The Court reviewed cases from other Circuits to provide context as to what a reasonable investigation entails. A cursory investigation, consisting of only confirming a name and address, will be insufficient when the furnisher “received information from the CRA explaining that its consumer was disputing her status as a co-obligor on her husband’s debt,” but a similarly cursory review may be reasonable when the “CRA provided only ‘scant information’ … regarding the nature of [the] consumer’s dispute.” Therefore, when a furnisher is notified of a dispute by the CRA, its first task is to review the information provided by the CRA to insure that the scope of the investigation is commiserate with the “nature and specificity of the information provided by the CRA.” An unreasonable investigation will leave a furnisher open to a cause of action from the consumer.
The duty to report under (C) is significant under Boggio because the duty exists regardless of the outcome of the investigation. Therefore, even if a furnisher discovers that the initial information provided to the CRA was correct, they can still be liable under this regulation if they fail to report that information back to the inquiring CRA.
If the investigation does uncover inaccuracies in the initial reporting, (D) and (E) outline the steps that the furnisher must then take in notifying all CRAs, not just the inquiring CRA. Obviously, failing to report the discovery that the information was false is a violation of requirement (D). However, Boggio extends the scope of the obligation under both (D) and (E) to reporting and modifying, deleting, or blocking correct information that “nevertheless ‘provides information in such a manner as to create a materially misleading impression.’” This duty also includes the obligation to “identify that a consumer disputes his information, at least where the consumer’s dispute is ‘a bona fide dispute, a dispute that could materially alter how the reported debt it understood.’” Lastly, the court states that the duty to “modify, delete, or block” under (E) applies, not just in the cases of inaccuracy and misleading impression, but also when a furnisher “discovers, upon investigation, that it can no longer verify the consumer information it originally supplied to a CRA.” Given this broad scope, furnishers must report any negative results of the investigation to all CRAs to avoid running afoul of the requirements under (D) and (E).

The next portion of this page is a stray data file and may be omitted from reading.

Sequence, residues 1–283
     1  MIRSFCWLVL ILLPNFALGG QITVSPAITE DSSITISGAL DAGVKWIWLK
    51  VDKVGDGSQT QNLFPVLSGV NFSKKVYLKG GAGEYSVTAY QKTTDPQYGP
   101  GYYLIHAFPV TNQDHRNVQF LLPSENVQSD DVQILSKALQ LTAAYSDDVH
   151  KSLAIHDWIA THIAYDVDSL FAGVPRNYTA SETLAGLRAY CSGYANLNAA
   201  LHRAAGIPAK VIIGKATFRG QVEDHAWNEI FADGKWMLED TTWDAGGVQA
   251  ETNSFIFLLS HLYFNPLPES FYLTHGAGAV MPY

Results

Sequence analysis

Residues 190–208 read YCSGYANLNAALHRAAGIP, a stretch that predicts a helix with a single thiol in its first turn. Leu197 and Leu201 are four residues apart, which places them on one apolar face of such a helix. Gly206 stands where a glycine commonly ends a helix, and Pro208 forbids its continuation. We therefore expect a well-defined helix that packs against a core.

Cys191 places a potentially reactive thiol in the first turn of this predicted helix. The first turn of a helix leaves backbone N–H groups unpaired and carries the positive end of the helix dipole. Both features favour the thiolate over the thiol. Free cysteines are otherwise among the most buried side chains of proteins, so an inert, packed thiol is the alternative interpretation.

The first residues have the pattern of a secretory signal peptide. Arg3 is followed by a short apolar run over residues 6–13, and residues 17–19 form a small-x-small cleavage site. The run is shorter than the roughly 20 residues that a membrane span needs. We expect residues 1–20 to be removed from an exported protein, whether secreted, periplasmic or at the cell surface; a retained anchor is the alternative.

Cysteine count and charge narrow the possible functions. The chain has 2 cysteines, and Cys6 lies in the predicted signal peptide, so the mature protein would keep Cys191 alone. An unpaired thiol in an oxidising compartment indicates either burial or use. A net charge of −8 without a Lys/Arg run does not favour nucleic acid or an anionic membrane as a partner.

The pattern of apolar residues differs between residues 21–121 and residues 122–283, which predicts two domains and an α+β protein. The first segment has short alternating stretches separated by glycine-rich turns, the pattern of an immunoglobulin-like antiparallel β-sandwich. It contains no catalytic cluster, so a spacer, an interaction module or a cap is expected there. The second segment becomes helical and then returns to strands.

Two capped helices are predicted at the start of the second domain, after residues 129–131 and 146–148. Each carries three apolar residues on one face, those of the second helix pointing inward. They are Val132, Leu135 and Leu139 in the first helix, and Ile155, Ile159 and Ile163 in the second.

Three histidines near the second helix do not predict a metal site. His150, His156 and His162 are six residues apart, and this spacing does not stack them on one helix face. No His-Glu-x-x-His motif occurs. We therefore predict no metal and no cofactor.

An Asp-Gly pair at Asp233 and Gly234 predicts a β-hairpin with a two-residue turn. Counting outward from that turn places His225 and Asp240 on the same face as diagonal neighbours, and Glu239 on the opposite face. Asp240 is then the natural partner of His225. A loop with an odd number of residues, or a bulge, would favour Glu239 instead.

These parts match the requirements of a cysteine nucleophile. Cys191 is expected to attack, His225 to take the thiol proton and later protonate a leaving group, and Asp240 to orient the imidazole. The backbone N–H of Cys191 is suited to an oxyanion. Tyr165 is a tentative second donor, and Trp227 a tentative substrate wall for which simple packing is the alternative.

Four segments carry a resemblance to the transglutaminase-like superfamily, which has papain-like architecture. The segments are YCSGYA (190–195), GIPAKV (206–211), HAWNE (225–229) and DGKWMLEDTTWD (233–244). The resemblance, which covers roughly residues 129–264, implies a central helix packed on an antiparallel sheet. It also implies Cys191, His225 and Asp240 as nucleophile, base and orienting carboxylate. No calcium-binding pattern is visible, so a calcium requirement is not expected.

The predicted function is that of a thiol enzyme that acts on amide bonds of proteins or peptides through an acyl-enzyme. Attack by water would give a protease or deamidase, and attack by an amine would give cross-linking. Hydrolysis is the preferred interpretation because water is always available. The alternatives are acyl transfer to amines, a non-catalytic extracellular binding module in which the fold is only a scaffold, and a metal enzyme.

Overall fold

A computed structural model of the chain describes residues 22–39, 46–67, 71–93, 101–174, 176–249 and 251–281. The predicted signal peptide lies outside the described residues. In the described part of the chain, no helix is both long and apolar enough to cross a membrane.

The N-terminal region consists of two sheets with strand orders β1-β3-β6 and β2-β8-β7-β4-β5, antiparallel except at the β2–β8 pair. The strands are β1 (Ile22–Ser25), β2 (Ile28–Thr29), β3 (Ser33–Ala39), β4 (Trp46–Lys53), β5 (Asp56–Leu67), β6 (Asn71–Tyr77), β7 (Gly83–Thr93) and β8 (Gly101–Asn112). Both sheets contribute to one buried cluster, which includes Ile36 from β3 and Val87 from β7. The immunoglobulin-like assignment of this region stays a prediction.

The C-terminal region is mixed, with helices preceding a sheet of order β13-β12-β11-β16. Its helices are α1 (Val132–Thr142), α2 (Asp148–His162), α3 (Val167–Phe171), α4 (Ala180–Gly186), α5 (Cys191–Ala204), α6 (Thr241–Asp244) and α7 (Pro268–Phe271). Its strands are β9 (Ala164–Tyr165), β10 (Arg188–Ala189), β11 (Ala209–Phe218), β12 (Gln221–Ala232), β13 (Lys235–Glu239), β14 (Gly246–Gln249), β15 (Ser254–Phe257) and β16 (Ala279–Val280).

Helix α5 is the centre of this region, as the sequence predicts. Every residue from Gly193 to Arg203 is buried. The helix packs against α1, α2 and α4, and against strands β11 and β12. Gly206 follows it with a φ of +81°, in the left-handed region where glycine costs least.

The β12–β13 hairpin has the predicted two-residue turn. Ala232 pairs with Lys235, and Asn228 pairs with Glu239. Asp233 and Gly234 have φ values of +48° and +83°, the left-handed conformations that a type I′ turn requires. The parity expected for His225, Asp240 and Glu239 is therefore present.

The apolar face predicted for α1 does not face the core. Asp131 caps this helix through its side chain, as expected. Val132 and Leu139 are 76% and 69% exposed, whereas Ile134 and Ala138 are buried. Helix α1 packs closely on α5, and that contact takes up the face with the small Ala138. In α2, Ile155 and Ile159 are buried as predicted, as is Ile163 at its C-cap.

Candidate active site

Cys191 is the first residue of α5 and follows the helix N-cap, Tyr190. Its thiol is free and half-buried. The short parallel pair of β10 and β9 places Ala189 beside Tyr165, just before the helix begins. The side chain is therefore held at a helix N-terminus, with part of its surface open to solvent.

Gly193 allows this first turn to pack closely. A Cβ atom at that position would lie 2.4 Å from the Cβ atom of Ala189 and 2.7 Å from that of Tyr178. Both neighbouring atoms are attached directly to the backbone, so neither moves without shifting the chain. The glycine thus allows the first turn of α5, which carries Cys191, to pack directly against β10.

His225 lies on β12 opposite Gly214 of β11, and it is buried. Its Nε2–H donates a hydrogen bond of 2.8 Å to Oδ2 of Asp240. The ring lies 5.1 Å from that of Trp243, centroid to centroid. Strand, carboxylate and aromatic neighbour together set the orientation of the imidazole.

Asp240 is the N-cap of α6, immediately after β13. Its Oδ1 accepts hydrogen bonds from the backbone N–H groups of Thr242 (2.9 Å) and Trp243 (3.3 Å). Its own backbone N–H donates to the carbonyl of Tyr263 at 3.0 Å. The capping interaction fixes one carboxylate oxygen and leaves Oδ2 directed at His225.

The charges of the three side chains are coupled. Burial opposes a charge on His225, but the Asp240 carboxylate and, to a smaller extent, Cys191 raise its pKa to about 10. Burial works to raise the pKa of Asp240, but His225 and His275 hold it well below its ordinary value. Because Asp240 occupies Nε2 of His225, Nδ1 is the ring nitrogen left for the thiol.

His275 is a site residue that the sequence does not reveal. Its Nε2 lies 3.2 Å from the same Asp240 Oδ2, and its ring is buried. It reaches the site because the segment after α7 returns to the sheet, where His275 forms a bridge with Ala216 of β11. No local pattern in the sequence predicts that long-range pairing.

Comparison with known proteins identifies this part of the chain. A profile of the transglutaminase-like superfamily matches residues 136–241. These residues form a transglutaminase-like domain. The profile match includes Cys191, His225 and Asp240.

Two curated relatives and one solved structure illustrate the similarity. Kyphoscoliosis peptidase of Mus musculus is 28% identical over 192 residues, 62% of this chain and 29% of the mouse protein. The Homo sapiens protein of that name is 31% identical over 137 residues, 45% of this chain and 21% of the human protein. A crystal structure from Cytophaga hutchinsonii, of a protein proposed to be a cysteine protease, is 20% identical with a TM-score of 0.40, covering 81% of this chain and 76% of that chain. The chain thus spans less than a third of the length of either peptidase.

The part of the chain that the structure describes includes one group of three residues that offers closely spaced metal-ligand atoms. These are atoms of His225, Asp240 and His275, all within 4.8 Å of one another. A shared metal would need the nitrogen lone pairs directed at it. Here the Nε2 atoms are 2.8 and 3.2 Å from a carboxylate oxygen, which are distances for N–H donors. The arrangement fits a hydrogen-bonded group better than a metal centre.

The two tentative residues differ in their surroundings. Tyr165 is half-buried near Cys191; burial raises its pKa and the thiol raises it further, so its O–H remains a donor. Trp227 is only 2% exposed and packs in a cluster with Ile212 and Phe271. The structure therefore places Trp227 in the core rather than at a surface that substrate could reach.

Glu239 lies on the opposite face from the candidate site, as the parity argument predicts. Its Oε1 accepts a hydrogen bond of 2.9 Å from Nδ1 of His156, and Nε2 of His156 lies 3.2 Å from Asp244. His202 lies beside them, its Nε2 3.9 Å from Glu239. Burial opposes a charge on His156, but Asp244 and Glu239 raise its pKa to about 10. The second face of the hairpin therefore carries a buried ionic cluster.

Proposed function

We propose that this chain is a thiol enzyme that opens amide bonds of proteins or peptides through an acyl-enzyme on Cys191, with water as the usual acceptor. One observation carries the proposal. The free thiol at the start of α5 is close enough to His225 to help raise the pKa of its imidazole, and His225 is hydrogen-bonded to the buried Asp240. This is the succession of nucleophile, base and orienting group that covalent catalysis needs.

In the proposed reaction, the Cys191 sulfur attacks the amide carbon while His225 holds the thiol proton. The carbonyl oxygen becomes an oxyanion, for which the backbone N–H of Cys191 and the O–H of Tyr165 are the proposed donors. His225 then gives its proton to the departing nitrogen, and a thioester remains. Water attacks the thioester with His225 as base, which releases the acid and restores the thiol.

Applying these principles to the facts of the case, the 6th Circuit concluded that the district court’s grant of summary judgment in favor of the Bank was improper. While the Bank complied with its internal policy, requiring a fraud affidavit or police report before conducting a further investigation into a disputed claim, that internal compliance did not shield it from the requirements of the FCRA. The plaintiff asserted that the Bank had access to documents showing that his wife was the sole obligor and correspondence from the plaintiff’s attorney disputing that he was a co-obligor. Further, the plaintiff presented deposition testimony from a Bank employee stating that Bank employees were prohibited from reviewing documents in the plaintiff’s file and likely only verified his identity prior to responding to the CRA. This evidence was enough to create a genuine dispute as to the reasonableness of the Bank’s investigation.
Financial institutions can take valuable lessons from Boggio. A negligent breach of the above duties can result in actual damages under § 1681o. A willful violation, on the other hand, can give rise to claims for punitive damages and attorney’s fees as well as actual damages under § 1681n. Furnishers should develop protocol for dealing with consumer information disputes. However, furnishers cannot assume that compliance with such protocol is sufficient to avoid liability under the FCRA. Furnishers must regularly reevaluate their policies in light of Boggio and the explicit requirements of section 1681s-2(b). A little more time investigating notices from CRAs on the front end can avoid major headaches and expense in the future.